Image source: Everett Collection
Few scenes in television are as iconic as the Baywatch slow-motion run. Having been parodied and referenced in the media so many times throughout the years, chances are you knew about the run before you knew about the show itself. While the montages of lifeguards coming to the rescue has become a staple in pop culture history, it was originally used to save time and money.
In 1989, the production of the first season of Baywatch began with a fairly small budget. The lack of funds made filming difficult as they often faced problems filling the full hour of each episode without going over budget.
After filming the 1988 Olympics a year prior, co-writer for the series Michael Berk came up with the idea to fill in time for each episode with slow-motion running montages. Berk noted his use of slower frame rates in the Olympics for certain events to better capture the movements and form of the athletes. With everyone on the Baywatch cast in terrific shape, the filming technique paired with a soft rock music background went on to be an instant success.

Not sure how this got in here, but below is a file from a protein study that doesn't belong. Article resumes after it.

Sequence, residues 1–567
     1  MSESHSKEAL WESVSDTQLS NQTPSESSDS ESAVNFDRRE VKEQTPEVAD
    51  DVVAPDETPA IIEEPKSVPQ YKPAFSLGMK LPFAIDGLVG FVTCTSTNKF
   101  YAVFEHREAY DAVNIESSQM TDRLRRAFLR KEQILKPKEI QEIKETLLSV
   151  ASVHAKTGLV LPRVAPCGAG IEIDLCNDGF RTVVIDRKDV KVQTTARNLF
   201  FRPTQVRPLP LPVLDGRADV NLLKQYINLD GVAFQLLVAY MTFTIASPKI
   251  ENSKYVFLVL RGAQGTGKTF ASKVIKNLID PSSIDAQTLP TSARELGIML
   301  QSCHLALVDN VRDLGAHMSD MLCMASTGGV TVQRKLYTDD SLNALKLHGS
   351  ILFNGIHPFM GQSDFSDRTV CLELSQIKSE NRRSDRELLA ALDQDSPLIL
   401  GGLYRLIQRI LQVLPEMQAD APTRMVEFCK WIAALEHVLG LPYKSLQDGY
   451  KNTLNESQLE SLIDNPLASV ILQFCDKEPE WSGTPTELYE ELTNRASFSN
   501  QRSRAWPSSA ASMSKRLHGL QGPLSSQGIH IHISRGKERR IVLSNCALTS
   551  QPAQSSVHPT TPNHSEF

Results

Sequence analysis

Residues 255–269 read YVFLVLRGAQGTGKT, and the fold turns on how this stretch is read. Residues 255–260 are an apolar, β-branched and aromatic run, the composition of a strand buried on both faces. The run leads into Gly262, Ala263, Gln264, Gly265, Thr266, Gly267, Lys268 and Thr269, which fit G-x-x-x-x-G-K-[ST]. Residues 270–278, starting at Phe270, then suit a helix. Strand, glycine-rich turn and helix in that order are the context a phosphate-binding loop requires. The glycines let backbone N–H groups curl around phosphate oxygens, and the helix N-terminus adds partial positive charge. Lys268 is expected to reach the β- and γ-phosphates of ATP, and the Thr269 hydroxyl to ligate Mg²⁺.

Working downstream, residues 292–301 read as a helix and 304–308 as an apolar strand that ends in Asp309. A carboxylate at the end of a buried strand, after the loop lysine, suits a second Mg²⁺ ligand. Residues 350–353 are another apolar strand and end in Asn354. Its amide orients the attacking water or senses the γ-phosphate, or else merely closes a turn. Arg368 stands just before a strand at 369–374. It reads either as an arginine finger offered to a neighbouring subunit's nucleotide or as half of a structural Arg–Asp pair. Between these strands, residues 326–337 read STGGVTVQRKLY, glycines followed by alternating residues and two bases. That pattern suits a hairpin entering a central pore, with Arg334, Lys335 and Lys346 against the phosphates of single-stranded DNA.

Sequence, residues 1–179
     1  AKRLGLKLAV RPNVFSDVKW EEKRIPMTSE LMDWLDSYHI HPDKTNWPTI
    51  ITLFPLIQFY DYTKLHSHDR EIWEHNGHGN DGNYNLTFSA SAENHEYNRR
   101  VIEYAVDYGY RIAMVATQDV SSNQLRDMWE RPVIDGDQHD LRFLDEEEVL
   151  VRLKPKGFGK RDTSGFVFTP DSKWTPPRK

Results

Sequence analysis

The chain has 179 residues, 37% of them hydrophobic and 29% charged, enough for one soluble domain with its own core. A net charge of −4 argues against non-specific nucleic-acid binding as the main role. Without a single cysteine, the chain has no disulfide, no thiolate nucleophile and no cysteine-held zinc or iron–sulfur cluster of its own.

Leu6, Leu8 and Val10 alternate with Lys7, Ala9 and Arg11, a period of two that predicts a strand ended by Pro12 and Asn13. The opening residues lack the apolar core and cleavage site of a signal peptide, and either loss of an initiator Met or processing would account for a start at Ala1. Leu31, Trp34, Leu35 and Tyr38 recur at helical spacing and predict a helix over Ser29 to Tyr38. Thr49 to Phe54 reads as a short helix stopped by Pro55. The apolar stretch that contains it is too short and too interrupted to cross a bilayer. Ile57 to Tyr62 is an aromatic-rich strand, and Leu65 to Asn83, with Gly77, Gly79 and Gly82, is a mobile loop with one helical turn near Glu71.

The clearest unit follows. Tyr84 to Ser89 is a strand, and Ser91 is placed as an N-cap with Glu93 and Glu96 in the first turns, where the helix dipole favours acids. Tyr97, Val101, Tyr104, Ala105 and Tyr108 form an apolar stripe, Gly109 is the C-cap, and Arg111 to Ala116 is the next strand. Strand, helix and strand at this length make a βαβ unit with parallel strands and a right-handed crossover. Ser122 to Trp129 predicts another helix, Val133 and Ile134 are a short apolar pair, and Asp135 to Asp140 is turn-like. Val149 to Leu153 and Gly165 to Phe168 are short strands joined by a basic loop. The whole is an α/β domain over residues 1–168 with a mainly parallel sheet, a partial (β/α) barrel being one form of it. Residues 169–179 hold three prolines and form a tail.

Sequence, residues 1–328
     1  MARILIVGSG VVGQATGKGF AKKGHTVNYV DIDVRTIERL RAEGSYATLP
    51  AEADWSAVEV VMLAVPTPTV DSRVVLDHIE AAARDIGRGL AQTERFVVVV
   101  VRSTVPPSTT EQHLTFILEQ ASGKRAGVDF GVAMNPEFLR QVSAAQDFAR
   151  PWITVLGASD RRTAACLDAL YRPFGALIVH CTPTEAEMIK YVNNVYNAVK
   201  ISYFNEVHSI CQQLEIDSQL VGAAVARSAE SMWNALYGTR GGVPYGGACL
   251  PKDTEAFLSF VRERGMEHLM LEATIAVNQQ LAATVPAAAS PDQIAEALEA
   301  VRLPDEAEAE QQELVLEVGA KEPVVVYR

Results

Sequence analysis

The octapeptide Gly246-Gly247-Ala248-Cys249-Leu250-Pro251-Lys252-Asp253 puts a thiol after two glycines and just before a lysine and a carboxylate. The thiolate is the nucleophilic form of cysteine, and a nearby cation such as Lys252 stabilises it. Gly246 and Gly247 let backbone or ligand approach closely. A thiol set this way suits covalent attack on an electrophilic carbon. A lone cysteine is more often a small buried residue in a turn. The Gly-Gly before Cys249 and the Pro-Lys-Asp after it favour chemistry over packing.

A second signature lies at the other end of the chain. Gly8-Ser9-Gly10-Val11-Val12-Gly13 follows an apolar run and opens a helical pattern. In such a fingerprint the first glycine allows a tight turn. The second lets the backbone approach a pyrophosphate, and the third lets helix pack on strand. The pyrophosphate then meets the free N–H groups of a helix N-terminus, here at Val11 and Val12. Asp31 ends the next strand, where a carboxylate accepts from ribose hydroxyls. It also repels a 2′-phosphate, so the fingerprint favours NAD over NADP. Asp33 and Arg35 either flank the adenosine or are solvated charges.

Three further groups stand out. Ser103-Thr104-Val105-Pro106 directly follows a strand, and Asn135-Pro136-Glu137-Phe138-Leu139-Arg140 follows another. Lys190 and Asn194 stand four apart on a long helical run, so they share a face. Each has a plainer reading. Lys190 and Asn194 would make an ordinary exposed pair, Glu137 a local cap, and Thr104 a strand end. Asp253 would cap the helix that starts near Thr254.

"The audience kinda liked it. And they liked the music. They liked to sit back and watch music videos," remarked David Hasseloff on the idea of implementing slow-motion music montages to the series.
Slow-motion running would become a mainstay of the series following the first season. They kept the montages around not just because of its growing popularity, but also because it was a good way to pad episodes that were running short on time.
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